Posted by: cherylyoung | August 31, 2013

Princess Royal Island is located amongst the isolated inlets of Canada’s world famous Great Bear Rainforest

This is an extremely remote area of British Columbia,

 520 kilometers north of Vancouver and 200 kilometers

south of Prince Rupert, accessible only by boat or air.

Aside from the Tsimshiam, who once inhabited a coastal

 village on the island but now no longer live here, almost

no people have entered the inland rainforest of Princess

Royal Island.

 

Princess Royal Island is best known as being home to the

 legendary white Kermode Bear, Spirit Bear of the North

 Coast of British Columbia.

These magnificent bears are not found anywhere else

 in the entire world.

 

The Kermode bear (Ursus americanus “kermodei”) is a

beautiful white bear that is only found in the rain forests

 of the north coast of British Columbia.

 

 The Kermode bear is not an albino, nor is it a polar bear

, but rather a pale colour form of the black bear.

 There is a unique double recessive gene required by

 both parents in order to produce a white bear.

 

While black bears are predominantly black, they also

 come in shades of brown, blonde, cinnamon, auburn,

smoky grey, and white.

 

 Black bears may have offspring and siblings of varying

 colours.

 

The Kermode Bear was named in the early 1900s in

 honour of Francis Kermode, a zoologist with the British

 Columbia Provincial Museum at the time, who

conducted the first studies into the origins of the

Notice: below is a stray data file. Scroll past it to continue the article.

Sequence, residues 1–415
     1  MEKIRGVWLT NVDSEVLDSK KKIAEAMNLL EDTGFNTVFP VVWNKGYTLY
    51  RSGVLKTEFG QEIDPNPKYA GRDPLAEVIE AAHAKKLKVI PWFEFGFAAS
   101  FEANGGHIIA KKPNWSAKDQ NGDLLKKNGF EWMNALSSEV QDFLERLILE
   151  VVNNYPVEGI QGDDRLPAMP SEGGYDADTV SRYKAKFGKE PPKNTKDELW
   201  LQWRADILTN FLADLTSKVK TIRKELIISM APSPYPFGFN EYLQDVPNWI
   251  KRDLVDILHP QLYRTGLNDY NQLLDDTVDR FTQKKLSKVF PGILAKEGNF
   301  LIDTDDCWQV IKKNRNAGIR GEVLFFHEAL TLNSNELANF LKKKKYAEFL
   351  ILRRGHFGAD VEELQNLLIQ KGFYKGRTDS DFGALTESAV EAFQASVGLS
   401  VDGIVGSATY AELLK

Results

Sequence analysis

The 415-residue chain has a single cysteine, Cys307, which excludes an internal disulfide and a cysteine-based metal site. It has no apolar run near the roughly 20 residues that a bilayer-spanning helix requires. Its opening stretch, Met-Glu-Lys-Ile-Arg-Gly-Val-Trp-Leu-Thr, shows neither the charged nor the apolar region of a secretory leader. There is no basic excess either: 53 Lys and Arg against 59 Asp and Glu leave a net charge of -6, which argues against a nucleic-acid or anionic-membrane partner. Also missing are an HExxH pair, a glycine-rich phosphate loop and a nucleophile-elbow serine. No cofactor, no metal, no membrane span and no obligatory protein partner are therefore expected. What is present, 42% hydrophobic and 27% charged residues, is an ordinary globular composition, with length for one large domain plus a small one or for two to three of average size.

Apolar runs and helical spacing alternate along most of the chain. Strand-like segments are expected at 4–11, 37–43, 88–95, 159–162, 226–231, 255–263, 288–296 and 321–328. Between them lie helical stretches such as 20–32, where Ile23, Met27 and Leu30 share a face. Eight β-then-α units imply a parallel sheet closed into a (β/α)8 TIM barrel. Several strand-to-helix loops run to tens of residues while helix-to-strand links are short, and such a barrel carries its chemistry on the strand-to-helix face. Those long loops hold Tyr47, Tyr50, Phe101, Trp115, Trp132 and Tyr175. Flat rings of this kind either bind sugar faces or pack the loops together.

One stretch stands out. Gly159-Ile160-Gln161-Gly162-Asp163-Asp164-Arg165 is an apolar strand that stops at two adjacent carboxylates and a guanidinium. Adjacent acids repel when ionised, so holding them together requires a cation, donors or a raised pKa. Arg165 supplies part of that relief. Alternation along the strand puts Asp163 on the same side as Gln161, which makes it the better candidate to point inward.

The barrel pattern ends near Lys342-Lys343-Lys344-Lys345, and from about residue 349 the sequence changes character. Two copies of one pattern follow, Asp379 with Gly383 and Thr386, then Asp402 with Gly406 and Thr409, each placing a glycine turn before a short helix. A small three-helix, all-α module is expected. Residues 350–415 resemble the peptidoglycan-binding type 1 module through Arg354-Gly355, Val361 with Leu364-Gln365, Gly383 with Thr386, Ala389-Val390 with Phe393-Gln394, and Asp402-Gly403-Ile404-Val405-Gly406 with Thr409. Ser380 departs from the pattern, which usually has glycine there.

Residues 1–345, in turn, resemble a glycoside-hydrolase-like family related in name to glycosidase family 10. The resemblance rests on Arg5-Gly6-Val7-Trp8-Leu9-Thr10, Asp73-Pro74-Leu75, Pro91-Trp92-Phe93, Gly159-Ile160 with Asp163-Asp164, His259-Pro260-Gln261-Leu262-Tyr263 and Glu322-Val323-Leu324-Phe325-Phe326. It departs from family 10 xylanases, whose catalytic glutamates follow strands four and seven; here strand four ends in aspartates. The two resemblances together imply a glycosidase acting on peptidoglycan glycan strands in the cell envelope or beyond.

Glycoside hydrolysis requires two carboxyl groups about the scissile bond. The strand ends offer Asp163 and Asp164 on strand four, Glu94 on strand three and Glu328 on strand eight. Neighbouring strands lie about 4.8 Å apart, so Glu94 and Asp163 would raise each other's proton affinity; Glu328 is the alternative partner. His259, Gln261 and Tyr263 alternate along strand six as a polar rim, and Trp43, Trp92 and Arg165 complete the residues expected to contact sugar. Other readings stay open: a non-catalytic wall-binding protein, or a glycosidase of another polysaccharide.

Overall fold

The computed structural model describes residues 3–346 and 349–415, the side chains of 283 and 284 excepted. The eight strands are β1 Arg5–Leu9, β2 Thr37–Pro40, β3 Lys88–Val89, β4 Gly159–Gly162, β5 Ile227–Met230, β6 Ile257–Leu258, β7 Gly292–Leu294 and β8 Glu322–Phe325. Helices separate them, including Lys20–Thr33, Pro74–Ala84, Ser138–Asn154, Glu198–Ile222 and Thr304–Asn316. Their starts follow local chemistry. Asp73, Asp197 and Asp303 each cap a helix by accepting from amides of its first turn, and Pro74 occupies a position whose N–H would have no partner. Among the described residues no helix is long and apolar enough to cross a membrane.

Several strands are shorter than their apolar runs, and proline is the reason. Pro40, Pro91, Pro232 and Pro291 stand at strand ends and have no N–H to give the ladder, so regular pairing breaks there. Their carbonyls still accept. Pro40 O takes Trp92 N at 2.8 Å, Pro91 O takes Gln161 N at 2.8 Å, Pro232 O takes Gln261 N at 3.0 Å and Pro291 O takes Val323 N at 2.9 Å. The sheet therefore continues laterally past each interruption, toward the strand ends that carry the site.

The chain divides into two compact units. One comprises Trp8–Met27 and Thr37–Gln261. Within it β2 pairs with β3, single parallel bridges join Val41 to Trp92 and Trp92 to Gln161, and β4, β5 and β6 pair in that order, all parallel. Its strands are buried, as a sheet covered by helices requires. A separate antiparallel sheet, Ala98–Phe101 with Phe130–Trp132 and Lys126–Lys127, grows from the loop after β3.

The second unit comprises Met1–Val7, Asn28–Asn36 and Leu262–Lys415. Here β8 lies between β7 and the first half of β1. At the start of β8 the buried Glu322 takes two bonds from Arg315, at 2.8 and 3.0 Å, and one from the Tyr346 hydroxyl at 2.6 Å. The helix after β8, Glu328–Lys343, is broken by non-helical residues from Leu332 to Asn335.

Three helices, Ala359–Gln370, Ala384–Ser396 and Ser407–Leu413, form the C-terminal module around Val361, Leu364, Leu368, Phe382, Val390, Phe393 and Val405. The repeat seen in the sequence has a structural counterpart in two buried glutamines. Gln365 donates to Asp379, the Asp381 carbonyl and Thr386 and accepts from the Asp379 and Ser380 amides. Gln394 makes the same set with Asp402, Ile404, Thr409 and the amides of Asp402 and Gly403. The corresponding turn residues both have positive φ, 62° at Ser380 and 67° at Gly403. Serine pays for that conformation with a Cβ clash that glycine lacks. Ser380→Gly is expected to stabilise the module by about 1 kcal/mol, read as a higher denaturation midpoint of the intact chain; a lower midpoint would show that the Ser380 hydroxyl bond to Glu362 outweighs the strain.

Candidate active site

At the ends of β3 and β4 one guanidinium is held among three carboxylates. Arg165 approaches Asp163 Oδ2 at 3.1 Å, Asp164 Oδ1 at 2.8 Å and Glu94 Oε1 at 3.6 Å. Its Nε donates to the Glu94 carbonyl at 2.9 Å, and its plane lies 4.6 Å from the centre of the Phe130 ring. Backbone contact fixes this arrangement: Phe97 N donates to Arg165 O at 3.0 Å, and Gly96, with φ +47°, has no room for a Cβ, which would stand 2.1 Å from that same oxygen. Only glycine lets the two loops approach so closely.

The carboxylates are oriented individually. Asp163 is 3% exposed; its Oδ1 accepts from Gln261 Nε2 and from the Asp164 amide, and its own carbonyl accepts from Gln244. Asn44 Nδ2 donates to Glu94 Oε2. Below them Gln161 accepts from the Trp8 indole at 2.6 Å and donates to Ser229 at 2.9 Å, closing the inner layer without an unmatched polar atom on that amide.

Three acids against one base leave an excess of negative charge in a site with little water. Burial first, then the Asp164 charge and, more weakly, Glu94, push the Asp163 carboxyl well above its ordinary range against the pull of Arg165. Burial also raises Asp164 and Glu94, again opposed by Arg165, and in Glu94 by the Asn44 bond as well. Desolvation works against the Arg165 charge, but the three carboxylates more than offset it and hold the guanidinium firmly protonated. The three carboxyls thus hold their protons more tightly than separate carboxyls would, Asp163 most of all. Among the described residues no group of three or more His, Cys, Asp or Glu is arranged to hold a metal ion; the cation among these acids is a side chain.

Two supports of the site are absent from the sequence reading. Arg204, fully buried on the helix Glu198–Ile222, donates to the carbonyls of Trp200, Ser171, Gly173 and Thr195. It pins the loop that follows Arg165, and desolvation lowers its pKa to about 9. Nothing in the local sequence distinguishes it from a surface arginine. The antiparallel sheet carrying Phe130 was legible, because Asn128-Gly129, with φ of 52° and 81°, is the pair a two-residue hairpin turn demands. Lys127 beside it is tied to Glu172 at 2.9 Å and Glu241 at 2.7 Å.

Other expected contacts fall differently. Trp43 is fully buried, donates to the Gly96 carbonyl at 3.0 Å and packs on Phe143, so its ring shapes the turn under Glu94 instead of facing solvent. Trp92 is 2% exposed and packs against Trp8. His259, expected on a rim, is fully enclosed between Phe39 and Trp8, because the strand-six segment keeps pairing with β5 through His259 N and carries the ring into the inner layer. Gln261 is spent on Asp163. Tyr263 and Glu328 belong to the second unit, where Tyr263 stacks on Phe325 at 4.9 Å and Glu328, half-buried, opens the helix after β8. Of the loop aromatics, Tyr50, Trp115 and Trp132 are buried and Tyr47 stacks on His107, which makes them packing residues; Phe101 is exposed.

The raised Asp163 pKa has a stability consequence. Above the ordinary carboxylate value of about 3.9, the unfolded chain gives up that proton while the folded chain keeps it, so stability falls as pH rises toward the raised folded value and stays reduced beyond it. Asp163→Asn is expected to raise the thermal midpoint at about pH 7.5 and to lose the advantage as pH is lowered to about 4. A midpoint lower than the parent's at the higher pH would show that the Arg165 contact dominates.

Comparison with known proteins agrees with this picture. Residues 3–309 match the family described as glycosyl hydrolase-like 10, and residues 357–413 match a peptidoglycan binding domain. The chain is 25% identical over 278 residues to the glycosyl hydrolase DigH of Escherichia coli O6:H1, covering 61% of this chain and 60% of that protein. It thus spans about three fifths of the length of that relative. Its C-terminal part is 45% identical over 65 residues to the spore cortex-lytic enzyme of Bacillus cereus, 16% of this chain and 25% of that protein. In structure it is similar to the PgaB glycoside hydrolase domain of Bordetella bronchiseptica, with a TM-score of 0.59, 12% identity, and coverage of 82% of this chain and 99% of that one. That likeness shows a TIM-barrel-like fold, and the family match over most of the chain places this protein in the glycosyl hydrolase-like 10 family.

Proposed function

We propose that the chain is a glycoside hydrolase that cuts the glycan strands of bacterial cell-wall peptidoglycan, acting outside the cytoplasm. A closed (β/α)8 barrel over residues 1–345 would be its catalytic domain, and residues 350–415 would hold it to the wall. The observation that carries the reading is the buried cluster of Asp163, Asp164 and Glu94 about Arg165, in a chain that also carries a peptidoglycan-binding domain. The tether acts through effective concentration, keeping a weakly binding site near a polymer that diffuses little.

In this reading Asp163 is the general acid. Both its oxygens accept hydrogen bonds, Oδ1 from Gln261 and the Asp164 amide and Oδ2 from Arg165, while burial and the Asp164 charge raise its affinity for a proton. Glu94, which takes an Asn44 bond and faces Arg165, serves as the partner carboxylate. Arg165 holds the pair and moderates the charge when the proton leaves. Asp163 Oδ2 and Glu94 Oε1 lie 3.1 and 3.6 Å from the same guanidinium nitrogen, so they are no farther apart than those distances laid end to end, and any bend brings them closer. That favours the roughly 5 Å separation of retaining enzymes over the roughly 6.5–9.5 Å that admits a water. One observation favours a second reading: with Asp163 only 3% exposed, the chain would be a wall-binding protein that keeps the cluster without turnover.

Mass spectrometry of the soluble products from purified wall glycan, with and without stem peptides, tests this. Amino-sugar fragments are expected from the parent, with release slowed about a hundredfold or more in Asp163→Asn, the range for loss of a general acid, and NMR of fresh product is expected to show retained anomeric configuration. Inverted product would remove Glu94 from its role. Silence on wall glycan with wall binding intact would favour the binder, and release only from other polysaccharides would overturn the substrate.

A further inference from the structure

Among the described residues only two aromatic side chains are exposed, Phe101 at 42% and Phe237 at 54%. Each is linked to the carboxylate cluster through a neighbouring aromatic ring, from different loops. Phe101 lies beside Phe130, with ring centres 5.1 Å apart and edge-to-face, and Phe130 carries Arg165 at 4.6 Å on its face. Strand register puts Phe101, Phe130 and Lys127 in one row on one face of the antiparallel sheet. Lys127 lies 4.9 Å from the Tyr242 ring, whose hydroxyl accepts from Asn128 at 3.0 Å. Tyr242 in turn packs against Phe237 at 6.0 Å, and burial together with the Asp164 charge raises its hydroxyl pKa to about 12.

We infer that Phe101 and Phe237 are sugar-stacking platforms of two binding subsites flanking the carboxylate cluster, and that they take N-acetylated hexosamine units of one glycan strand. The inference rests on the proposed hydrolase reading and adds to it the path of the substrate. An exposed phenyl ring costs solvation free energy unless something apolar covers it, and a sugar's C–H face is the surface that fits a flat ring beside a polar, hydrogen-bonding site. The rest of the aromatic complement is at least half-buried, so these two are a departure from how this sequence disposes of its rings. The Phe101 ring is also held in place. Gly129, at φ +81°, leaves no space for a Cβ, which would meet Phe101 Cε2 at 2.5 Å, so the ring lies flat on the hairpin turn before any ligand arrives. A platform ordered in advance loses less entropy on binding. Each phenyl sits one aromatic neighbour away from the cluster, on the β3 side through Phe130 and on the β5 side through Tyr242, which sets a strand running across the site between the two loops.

white bear.

 First Nation legend states that their creator, the Raven,

created the white bear as a reminder of the last ice age,

 and decreed that these bears would live in peace and

 harmony forever.

 

 As a result of isolation and being undisturbed for

 thousands of years, the bears here have no instinctive

 fear of people.

 

 The bears appear quite mellow and gentle toward

 humans, offering humankind a unique insight into

 truly wild bears.

 

Spirit bears are found predominantly on Princess Royal

Island, Gribbell Island, and along the shores of Douglas

 Channel, but the bear’s range extends across an area of

 approximately 7.2 million hectares, bounded by the

 communities of Prince Rupert and Stewart to the north,

 Hazelton to the east, and Terrace, Kitimat, and

 Bella Coola to the south.

 

 Kermode bears have also been spotted as far inland as

Liard River Hot Springs.

Hunting of Kermode Bears in B.C. is banned, but because

 black bears can produce white offspring, there is a

strong case for protection of all black bears within the

 kermode’s known range.

While the bears are prote cted from hunting, there is

still no sign of protection of their dwindling habitat from

logging.

 

Conservationists are calling for the creation of Spirit Bear

 Park, an area of pristine rainforests incorporating

 Princess Royal Island, where about ten percent of the

bears are white.

 

 The Spirit Bear Wilderness Conservancy Proposal calls for

 protection of Princess Royal Island, Pooley Island, and

 the adjacent watersheds, Carter, Green, Yule, Khutze,

 and the Aaltanhash, which combine to make up the

 proposed 248,000-hectare wilderness area, the last large